8. Over the course of a day, a faucet that leaks at the rate of one drip per second can lose roughly 17 gallons. (U.S. Geological Survey)

A graphic showing the most common causes of water waste in American homes.

Commercial Water Usage Statistics

Residences aren't the only source of water consumption; these commercial water usage statistics highlight how much water is consumed by industry. You might be surprised to learn what two industrial sources are the world's most consequential water users.

  1. In 2015, irrigation and thermoelectric power remained the two biggest water users, with overall withdrawals rising for irrigation but falling for thermoelectric power. (U.S. Geological Survey)
  2. Between 2019 and 2020, industrial water use efficiency, the ability to prevent water waste from problems such as pipe leaks, fell from $15.87/m3 to $14.72/m3. (United Nations)
  3. The use of bottled water is rising by 7% globally. (Health Promot Perspect Journal)
  4. The combined amount of water utilized for livestock and aquaculture is 3% of all water. (U.S. Geological Survey)
  5. The fashion industry uses approximately 93 billion m3 of water annually, accounting for 4% of all freshwater worldwide. (Ellen MacArthur Foundation)

Irrigation accounts for 37% of U.S. water consumption, while thermoelectric power accounts for 41%.

Pro Tip: If you own a business, contact the team at Mr. Rooter Plumbing®️ for commercial plumbing services. Fix up your office, clinic, or venue — don’t lose money to outdated appliances and leaky fixtures.

The Effects of Excessive Water Usage

Water is a finite resource, and consuming it without thought could lead to significant issues around the world and within your home. Here are some of the effects of excessive water usage.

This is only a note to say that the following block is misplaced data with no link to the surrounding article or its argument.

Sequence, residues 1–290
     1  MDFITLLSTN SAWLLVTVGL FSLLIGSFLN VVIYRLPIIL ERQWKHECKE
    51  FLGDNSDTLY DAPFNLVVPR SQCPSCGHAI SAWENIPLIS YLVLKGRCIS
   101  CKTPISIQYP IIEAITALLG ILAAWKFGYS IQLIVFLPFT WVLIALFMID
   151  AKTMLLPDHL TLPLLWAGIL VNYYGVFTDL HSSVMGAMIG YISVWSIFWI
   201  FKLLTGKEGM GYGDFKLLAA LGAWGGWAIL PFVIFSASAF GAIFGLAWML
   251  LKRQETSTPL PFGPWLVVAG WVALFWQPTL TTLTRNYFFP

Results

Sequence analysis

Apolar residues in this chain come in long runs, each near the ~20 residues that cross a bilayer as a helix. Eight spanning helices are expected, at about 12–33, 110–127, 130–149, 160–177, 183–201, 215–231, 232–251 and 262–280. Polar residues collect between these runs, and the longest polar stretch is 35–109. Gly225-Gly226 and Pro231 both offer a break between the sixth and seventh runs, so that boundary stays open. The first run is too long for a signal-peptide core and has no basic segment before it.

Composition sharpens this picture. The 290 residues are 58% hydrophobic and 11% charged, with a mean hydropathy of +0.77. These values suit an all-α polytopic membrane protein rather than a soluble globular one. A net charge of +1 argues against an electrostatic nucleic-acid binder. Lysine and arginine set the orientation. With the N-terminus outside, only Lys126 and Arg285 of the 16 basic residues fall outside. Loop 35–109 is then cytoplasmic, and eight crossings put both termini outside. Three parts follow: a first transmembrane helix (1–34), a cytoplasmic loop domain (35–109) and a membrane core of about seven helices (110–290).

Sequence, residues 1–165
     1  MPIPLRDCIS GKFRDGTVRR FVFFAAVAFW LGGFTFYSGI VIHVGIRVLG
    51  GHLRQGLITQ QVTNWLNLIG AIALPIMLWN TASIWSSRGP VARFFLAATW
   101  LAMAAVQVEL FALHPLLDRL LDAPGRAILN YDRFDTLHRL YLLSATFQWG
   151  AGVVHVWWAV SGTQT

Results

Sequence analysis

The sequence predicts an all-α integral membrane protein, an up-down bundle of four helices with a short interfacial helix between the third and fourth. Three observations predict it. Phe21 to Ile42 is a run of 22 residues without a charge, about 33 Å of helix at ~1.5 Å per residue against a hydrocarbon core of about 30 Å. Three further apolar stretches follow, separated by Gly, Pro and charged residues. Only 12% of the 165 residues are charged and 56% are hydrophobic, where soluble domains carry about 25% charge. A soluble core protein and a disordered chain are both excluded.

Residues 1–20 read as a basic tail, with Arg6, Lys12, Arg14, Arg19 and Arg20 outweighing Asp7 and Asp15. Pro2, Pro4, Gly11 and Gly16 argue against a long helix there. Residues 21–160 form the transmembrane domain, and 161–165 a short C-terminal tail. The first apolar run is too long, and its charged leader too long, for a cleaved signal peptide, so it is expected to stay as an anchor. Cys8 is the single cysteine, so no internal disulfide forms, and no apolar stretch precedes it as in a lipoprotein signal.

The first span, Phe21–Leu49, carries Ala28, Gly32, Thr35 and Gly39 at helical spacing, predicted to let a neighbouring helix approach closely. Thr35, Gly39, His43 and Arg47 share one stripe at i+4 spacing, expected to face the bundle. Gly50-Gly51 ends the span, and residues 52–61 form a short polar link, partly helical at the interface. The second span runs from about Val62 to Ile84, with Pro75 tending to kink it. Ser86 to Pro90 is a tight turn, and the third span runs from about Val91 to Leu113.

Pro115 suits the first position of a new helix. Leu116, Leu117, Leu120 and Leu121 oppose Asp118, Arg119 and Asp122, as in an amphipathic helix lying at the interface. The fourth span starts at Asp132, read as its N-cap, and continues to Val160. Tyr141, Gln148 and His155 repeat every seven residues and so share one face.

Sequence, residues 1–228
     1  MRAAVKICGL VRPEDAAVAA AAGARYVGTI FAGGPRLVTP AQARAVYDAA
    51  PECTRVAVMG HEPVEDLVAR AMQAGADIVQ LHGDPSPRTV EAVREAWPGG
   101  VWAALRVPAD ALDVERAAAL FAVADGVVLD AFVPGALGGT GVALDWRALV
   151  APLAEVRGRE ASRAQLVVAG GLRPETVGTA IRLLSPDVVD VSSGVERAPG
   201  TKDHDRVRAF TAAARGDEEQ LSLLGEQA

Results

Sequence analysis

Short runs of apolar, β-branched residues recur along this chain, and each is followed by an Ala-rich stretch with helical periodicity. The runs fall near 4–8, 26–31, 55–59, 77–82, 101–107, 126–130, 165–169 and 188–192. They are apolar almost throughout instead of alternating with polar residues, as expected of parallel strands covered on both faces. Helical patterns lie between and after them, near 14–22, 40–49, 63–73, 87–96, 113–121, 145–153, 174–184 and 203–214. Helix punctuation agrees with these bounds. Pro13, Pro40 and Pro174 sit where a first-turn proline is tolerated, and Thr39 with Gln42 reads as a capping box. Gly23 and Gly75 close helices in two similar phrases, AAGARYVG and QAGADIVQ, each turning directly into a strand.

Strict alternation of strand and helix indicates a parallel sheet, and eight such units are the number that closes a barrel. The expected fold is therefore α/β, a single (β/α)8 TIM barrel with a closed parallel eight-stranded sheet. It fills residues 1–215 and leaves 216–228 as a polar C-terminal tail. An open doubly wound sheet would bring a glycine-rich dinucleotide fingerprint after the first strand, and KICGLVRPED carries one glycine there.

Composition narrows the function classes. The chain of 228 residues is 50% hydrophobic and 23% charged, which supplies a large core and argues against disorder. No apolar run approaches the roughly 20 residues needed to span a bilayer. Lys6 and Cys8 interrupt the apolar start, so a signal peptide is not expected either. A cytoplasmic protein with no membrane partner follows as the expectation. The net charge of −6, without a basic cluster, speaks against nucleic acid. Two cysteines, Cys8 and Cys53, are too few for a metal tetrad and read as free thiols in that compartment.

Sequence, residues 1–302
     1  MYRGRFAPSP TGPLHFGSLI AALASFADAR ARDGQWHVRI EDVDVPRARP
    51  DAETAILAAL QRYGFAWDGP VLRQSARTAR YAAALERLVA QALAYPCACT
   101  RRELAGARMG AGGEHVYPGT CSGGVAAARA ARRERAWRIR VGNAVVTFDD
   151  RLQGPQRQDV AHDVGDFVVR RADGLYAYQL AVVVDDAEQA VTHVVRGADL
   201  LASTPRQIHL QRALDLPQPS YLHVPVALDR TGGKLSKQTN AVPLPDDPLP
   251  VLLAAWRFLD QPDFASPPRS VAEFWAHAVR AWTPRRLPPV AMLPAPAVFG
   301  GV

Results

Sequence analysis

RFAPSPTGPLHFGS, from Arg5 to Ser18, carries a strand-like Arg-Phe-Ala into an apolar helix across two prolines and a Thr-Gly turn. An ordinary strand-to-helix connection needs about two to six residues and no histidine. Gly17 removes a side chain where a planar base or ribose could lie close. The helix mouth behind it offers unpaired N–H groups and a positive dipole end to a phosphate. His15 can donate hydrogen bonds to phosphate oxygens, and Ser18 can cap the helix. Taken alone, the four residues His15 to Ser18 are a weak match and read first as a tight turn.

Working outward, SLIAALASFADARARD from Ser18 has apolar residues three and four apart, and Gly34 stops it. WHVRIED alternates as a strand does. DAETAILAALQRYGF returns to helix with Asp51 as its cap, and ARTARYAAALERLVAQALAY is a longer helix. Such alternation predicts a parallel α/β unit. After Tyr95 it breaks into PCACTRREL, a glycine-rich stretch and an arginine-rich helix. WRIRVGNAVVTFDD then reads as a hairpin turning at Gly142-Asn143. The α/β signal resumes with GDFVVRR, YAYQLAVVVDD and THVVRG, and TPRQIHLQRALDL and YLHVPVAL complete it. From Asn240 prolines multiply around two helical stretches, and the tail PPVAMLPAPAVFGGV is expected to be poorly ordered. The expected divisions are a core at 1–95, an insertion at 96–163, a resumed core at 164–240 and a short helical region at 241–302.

1. Water leaks in the home can waste 180 gallons of water each week, or 9,400 gallons yearly, for the average family — that’s money that adds up on your utility bill. (EPA)
  2. According to some estimations, we have surpassed the amount of freshwater the world can sustainably utilize and supply. (Science Journal)

A dripping kitchen sink faucet.

Tips To Lower Your Water Consumption

Now that we know more about water waste, let's do something about it. Start by reducing excessive water usage in your home. Here are a few tips to lower your water consumption — and your water bill.

  • Avoid long showers: Decreasing your showering time from 15 minutes to eight minutes could save up to nearly 80 gallons of water.
  • Turn off the water when brushing: Keeping the water off during the two minutes of brushing your teeth could save 4 gallons of water.
  • Fix that dripping faucet: Dripping faucets can quickly eat into your utility bill, easily wasting over 100 gallons of water a month. If your faucet is dripping excessively, you may have a plumbing emergency.
  • Run your dishwasher only when full: Running a dishwasher half full is a waste of water — fill it up before hitting the Start button.
  • Don’t waste extra water: Have excess water? Don’t pour it down the drain! See if your plants need a bit of water or top off your pet's water bowl.
  • Monitor your water consumption: Knowing your water usage is a great way to decrease energy consumption. Consider installing a water meter that you can monitor from your smartphone.
  • Upgrade to efficient appliances: Installing a WaterSense-labeled showerhead, faucet aerator, and toilet in your home's main bathroom can have a big impact that pays for itself in as little as a year. It’s one of many smart plumbing trends you can employ.
  • Take showers, not baths: Taking a bath utilizes much more water than a shower — opt for the latter to save money.
  • Check washing machine load sizing: Ensure you select the proper load size on your washer so you don’t utilize more water than needed.

A chart with tips to lower your water consumption.

Take Control of Your Water Usage With Mr. Rooter Plumbing

According to water usage statistics, we utilize tons of water a year, and much of it is wasted. Don't be part of that unfortunate statistic. Contact your local Mr. Rooter Plumbing to see how you can increase efficiency and decrease your water bill with residential plumbing services.

With 200+ locally owned and operated locations and 50+ years in business, you can always trust Mr. Rooter Plumbing with top service professionals and upfront pricing. Plus, all work is backed by the Neighborly Done Right Promise™️.

Source Note: Several data points presented in this article were gathered from the U.S. Geological Survey’s Estimated Use of Water in the United States in 2015 publication, released in 2018. This publication is the most recent data from the USGS as of this article’s publishing.